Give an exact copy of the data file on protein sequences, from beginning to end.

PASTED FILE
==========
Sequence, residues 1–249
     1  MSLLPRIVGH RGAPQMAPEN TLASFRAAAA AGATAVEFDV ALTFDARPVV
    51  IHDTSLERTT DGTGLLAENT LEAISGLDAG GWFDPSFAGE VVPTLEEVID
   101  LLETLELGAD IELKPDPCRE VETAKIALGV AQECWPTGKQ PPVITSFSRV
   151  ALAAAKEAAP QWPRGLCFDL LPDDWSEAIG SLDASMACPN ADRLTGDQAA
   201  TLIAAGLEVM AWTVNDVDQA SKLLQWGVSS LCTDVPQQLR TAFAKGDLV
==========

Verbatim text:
Sequence, residues 1–249
     1  MSLLPRIVGH RGAPQMAPEN TLASFRAAAA AGATAVEFDV ALTFDARPVV
    51  IHDTSLERTT DGTGLLAENT LEAISGLDAG GWFDPSFAGE VVPTLEEVID
   101  LLETLELGAD IELKPDPCRE VETAKIALGV AQECWPTGKQ PPVITSFSRV
   151  ALAAAKEAAP QWPRGLCFDL LPDDWSEAIG SLDASMACPN ADRLTGDQAA
   201  TLIAAGLEVM AWTVNDVDQA SKLLQWGVSS LCTDVPQQLR TAFAKGDLV